- Let
0
*a**R*. We must prove that*a*is invertible, so suppose to the contrary that*a*is not invertible. Then*a*^{2}*R*is an ideal of*R*and since*a*is not invertible, we see that*aR**R*and consequently*a*^{2}*R**R*. By hypothesis*a*^{2}*R*is a prime ideal of*R*and since*a*^{2}*a*^{2}*R*, we deduce that*a**a*^{2}*R*. Therefore*a*=*a*^{2}*r*for some*r**R*. Since 0 is a prime ideal of*R*, we see that*R*is an integral domain and we deduce that 1 =*ar*. Thus*a*is invertible and we have a contradiction. This completes the proof. - By hypothesis
*G*has a normal subgroup of*K*of order*p*^{3}. Then*G*/*K*is a group of order*q*^{3}. A nontrivial*q*-group (where*q*is a prime) has a normal subgroup of order*q*, so*G*/*K*has a normal subgroup*H*/*K*of order*q*. Then*H*is a normal subgroup of order*p*^{3}*q*, as required. - Suppose
*R*has an element*a*which is neither a zero divisor nor a unit. Then*aR*is a proper submodule of*R*, because*a*is not a unit. Also the map*r*| - >*ar*is an*R*-map from*R*onto*aR*which has kernel 0, because*a*is a nonzero divisor. This shows that*R*is isomorphic to the proper*R*-submodule*aR*.Conversely suppose

*R*is isomorphic to the proper*R*-sumodule*M*. Then there is an*R*-isomorphism q :*R*- >*M*. Set*a*= q1. Then*aR*= (q1)*R*= q(1*R*) = q*R*=*M*, so*aR**R*and we see that*a*is not a unit. Finally if*ar*= 0, then q*r*= q(1*r*) = (q1)*r*=*ar*= 0 and we deduce that*r*= 0, because q is an isomorphism. Therefore*r*is a nonzero divisor and the result follows. - Since
a satisfies
*X*^{2}- a^{2}*K*(a^{2})[*X*], we see that [*K*(a) :*K*(a^{2})] = 1 or 2. Also [*K*(a) :*K*] = [*K*(a) :*K*(a^{2})][*K*(a^{2}) :*K*]. Since [*K*(a) :*K*] is odd, we deduce that [*K*(a) :*K*(a^{2})] = 1 and the result follows. - By the fundamental structure theorem for finitely generated
abelian groups, we know that
*G*is a direct product of nontrivial cyclic*p*-groups. Since {*x**G*|*x*^{p}= 1} has order*p*^{2}, we see that*G*is a direct product of exactly two nontrivial cyclic*p*-groups. It now follows that*G*/*p*^{5}X /*p*or /*p*^{4}X /*p*^{2}or /*p*^{3}X /*p*^{3}(so there are three possible groups up to isomorphism). - Since
*K*is a splitting over*k*, it can be written as*k*(*a*_{1},...,*a*_{n}) where*a*_{1},...,*a*_{n}are all the roots of some polynomial*f**k*[*X*]. If s Gal(*L*/*k*), then s*a*_{i}also satisfies*f*, because s fixes all the coefficients of*f*, and so s permutes the*a*_{i}. It follows that s*K*=*k*(s*a*_{1},...,s*a*_{n}) =*K*. - Let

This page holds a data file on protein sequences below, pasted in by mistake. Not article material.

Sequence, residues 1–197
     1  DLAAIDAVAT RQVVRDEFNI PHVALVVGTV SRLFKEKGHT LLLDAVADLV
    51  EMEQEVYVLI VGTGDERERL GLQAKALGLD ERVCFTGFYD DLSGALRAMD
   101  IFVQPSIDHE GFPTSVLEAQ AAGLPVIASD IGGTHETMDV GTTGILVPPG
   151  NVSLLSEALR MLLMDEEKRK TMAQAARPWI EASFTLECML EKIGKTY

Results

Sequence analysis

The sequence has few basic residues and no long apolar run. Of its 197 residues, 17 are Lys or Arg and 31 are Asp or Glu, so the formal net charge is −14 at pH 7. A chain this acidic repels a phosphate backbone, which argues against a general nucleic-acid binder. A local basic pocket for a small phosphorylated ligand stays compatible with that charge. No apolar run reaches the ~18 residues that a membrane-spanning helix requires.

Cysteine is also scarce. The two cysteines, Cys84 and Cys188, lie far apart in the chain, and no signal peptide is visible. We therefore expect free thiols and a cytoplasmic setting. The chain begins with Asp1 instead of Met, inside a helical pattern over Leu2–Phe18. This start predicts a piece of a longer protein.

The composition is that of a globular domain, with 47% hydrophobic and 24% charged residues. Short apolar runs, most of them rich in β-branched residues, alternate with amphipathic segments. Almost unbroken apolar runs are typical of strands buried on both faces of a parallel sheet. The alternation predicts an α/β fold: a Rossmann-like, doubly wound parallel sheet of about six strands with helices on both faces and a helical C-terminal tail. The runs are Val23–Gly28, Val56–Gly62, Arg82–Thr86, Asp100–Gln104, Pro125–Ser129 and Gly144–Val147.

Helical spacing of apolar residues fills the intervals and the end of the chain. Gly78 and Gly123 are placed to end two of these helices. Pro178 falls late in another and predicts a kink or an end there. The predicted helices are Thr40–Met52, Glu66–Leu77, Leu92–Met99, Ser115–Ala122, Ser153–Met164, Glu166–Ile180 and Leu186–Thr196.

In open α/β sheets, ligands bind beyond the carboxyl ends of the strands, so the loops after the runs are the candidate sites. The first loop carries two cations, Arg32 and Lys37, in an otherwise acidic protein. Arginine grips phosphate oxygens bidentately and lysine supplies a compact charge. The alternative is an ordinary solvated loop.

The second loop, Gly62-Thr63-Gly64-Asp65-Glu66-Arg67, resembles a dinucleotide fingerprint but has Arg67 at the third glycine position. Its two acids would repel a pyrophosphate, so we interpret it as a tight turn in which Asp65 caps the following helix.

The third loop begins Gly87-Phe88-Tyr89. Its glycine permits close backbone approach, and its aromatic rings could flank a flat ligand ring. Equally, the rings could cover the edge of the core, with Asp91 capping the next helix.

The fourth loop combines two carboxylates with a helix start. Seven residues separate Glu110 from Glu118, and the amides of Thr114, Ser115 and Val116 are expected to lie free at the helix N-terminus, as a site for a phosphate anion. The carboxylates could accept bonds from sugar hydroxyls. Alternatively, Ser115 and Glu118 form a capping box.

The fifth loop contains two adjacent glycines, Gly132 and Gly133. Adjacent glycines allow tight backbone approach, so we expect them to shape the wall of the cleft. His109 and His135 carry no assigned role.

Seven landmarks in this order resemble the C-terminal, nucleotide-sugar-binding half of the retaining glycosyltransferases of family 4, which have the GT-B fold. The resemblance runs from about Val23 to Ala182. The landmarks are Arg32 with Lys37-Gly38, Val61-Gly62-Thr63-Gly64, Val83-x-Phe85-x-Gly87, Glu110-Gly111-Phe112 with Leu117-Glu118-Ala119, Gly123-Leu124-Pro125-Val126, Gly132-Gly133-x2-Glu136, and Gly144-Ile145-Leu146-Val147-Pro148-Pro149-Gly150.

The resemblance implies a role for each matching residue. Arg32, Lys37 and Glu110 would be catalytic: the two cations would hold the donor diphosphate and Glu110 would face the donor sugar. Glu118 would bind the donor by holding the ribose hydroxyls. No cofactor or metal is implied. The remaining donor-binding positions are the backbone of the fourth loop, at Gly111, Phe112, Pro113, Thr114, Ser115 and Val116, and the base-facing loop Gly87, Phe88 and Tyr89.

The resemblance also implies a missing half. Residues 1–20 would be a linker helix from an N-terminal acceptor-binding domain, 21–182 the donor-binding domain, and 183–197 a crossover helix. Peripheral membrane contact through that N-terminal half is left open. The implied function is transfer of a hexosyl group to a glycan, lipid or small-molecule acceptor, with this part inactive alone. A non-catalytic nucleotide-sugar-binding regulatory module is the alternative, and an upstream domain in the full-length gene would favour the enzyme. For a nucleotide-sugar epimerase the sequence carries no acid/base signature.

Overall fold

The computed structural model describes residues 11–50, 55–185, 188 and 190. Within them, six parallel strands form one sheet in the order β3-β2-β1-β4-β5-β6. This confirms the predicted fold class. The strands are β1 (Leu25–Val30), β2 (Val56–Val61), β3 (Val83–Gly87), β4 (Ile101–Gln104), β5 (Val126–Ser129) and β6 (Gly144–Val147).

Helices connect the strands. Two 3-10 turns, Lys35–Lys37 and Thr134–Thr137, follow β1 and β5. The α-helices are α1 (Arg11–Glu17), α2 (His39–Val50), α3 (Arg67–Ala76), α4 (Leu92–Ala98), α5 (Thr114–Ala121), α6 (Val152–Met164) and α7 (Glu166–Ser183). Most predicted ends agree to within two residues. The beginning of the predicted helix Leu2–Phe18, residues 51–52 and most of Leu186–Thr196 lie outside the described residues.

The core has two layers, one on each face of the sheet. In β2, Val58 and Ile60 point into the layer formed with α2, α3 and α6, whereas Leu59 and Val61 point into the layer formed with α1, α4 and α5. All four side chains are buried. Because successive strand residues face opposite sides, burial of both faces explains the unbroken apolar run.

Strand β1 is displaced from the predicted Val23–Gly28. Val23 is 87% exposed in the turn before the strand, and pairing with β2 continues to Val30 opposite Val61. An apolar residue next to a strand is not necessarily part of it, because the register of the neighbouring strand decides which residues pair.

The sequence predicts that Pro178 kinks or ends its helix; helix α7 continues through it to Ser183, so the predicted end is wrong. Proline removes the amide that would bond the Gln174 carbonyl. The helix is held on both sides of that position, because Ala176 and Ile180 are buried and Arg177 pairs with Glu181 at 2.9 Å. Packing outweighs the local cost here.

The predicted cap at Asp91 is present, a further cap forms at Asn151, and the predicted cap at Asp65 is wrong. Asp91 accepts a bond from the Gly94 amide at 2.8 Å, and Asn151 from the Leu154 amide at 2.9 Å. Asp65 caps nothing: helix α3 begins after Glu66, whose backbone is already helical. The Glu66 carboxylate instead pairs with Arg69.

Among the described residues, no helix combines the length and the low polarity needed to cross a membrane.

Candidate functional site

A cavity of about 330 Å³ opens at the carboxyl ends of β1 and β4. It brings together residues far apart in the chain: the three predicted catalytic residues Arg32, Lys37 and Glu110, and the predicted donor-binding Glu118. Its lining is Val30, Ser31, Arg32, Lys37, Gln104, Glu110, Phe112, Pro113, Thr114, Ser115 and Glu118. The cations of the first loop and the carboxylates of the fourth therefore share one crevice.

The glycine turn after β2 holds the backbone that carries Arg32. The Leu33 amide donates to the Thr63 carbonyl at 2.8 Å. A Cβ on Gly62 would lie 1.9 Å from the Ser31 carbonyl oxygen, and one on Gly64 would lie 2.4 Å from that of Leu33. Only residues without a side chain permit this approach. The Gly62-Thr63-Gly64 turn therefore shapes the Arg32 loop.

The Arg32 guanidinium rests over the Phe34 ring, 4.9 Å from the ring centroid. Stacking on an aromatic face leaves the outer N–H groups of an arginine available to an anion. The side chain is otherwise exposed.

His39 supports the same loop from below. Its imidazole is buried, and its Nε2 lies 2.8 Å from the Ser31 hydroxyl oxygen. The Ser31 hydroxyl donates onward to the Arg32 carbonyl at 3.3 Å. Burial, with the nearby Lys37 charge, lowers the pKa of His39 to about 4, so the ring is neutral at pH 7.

*G*be a simple group of order 280. The number of Sylow 7-subgroups is congruent to 1 modulo 7 and divides 40, so there are 1 or 8 Sylow 7-subgroups. There cannot be 1 Sylow 7-subgroup, because then the Sylow 7-subgroup would be normal which contradicts the hypothesis that*G*is simple. Therefore there are 8 Sylow 7-subgroups. Since two distinct Sylow 7-subgroups must have trivial intersection, we see that there are at least 8*6 = 48 elements of order 7. The number of Sylow 5-subgroups is congruent to 1 modulo 5 and divides 56. There cannot be 1 Sylow 5-subgroup, for then it would be normal which would contradict the hypothesis that*G*is simple. Therefore there are 56 Sylow 5-subgroups. Since two distinct Sylow 5-subgroups must intersect in the identity, we see that there are at least 56*4 = 224 elements of order 5. Finally since the Sylow 2-subgroup is not normal, there must be at least 9 elements whose order is a power of 2. We now count elements: we find that*G*has at least 48 + 224 + 9 = 281 elements, which is impossible because*G*has only 280 elements. Therefore no such*G*can exist and we deduce that there is no simple group of order 280. - Let
*K*be a splitting field over*F*which contains*E*, let*G*= Gal(*K*/*F*), and let*H*= Gal(*K*/*E*). Since we are in characteristic zero, everything is separable and hence*K*is a Galois extension of*F*. Therefore by the fundamental theorem of Galois theory, we see that the number of fields between*F*and*E*is equal to the number of subgroups between*G*and*H*. Also [*G*:*H*] =*n*. By considering the permutation representation of*G*on the left cosets of*H*in*G*, we see that there is a normal subgroup*N*of*G*contained in*H*such that |*G*/*N*|*n*!. The number of subgroups between*G*and*H*is at most the number of subgroups between*G*and*N*, which is at most the number of subsets of*G*/*N*. Since the number of subsets of*G*/*N*is 2^{| G/N|}, we deduce that the number of subfields between*F*and*E*is at most 2^{n!}, as required.